General Mars
  Implications of Life

  Definition of Life
  Martian Meteorite

Data Analysis
  Thin Section Analysis
  Isotope Analysis
  Gas Chromatograph Mass Spectrometer
  Infrared Spectroscopy
  Alpha-Proton X-Ray Spectrometer
  Detection of Carbon Complexes
  Labeled Release
  Gas Exchange
  Pyrolytic Release
  Stimulus Response Experiments

Scientific Research and Design
Introduction -- General Mars Information

 What is Mars like?

Distance from the Sun:

Minimum: 206,000,000 kilometers
Average: 228,000,000 kilometers (1.52 times as far as Earth)
Maximum: 249,000,000 kilometers
Eccentricity of Orbit:
0.093 vs. 0.017 for Earth
(0.00 is a perfectly circular orbit)
Distance From Earth:
Minimum: 56,000,000 kilometers
Maximum: 399,000,000 kilometers
Day: 24.6 Earth Hours (1 Mars day is sometimes called 1 sol)

Year: 1.88 Earth years = 687 Earth days = 669 Mars days

Tilt of Rotation Axis: 25.2° vs. 23.5° for Earth 


Diameter: 6792 kilometers vs. 12,756 kilometers for Earth
Surface gravity: 0.38 (about 1/3) times Earth's gravity 
Mass: 6.4 x 1023 kilograms, about 11% of Earth's mass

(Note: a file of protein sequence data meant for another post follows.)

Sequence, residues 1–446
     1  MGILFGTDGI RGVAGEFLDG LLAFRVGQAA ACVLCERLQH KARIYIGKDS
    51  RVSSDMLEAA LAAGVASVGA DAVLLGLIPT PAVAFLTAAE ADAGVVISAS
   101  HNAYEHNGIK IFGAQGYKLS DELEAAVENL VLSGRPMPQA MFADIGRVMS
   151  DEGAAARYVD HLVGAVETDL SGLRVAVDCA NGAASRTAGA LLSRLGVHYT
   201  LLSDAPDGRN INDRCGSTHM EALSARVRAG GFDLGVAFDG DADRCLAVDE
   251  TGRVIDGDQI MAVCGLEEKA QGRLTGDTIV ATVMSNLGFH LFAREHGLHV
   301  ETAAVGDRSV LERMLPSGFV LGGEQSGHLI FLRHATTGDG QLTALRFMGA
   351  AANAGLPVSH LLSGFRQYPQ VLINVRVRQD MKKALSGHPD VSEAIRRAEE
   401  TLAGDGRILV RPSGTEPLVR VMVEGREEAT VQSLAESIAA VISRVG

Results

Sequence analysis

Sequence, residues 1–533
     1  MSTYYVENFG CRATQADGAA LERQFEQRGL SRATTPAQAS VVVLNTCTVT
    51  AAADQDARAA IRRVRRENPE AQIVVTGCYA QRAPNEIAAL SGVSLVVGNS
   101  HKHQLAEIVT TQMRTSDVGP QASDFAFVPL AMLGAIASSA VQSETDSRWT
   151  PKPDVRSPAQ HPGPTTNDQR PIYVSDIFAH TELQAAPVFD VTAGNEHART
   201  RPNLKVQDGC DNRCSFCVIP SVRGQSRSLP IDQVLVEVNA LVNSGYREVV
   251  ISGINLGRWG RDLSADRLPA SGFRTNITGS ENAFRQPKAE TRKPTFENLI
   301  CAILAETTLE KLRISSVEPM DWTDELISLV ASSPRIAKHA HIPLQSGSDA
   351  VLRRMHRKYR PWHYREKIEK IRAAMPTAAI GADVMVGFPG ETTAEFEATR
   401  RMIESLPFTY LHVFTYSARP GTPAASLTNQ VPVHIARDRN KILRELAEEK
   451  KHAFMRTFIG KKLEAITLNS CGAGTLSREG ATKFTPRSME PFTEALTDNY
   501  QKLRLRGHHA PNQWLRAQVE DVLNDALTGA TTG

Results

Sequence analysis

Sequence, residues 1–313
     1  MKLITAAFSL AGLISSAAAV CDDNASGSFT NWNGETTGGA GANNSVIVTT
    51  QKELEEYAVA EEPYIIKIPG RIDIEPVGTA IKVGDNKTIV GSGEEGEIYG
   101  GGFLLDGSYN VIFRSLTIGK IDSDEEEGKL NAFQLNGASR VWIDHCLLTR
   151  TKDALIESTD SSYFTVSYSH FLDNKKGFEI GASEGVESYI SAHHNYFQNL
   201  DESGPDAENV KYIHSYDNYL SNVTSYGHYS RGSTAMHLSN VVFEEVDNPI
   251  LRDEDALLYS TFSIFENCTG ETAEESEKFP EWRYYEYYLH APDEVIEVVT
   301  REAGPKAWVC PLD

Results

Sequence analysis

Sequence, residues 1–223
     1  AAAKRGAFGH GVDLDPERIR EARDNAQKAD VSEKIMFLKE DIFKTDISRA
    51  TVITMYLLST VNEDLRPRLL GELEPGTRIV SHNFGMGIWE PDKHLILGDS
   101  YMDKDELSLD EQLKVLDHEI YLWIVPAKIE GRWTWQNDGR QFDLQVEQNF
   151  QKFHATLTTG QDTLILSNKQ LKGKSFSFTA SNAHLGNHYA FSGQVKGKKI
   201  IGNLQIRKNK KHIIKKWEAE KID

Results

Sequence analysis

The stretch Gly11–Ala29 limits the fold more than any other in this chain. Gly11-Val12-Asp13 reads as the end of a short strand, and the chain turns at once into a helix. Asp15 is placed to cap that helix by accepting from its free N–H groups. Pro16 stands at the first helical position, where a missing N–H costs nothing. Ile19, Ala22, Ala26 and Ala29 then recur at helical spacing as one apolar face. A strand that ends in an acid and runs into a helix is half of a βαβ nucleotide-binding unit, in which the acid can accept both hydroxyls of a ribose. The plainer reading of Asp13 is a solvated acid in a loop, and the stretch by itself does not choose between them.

Density: 3.9 grams/cubic centimeter vs. 5.5 grams/cubic centimeter for Earth
Surface Temperature:
Generally cold
Global extremes: -125°C (-193°F) to 25°C (77°F)
Average at Viking 1 site: high -10°C (14°F); low -90°C (-130°F)
Thin and unbreathable
Surface Pressure: about 6 millibars, or about 1/200th of Earth's
Pressure varies with season - during the winter, part of the atmosphere freezes (as dry ice) onto the polar cap
Contains 95% carbon dioxide, 3% nitrogen, 1.5% argon, trace amounts of water, and no oxygen. (Earth has 78% nitrogen, 21% oxygen, 1% argon, and 0.03% carbon dioxide.)
Color: Rust red
Ancient landscape dominated by impact craters
Tallest volcano in the Solar System: Olympus Mons, 25 kilometers high and 600 kilometers across, the size of the state of Arizona
Largest canyon system in the Solar System: Valles Marineris, 4000 kilometers long and up to 11 kilometers deep. If placed on Earth, Valles Marineris would stretch from California to Washington D.C.
Ancient channels carved by massive floods
Some rocks are basalt (volcanic lava, as in Hawaii); the composition of other rocks is unknown
Dust is reddish, rusty, like soil formed from volcanic rock
Phobos ("Fear"), about 21 kilometers across
Deimos ("Panic"), about 12 kilometers across
Both Phobos and Deimos are very irregular in shape

Sources: Basic Mars Facts from the Lunar and Planetary Institute

mitCopyright © 2000 Massachusetts Institute of Technology
Comments and questions to Last updated: 10 December, 2000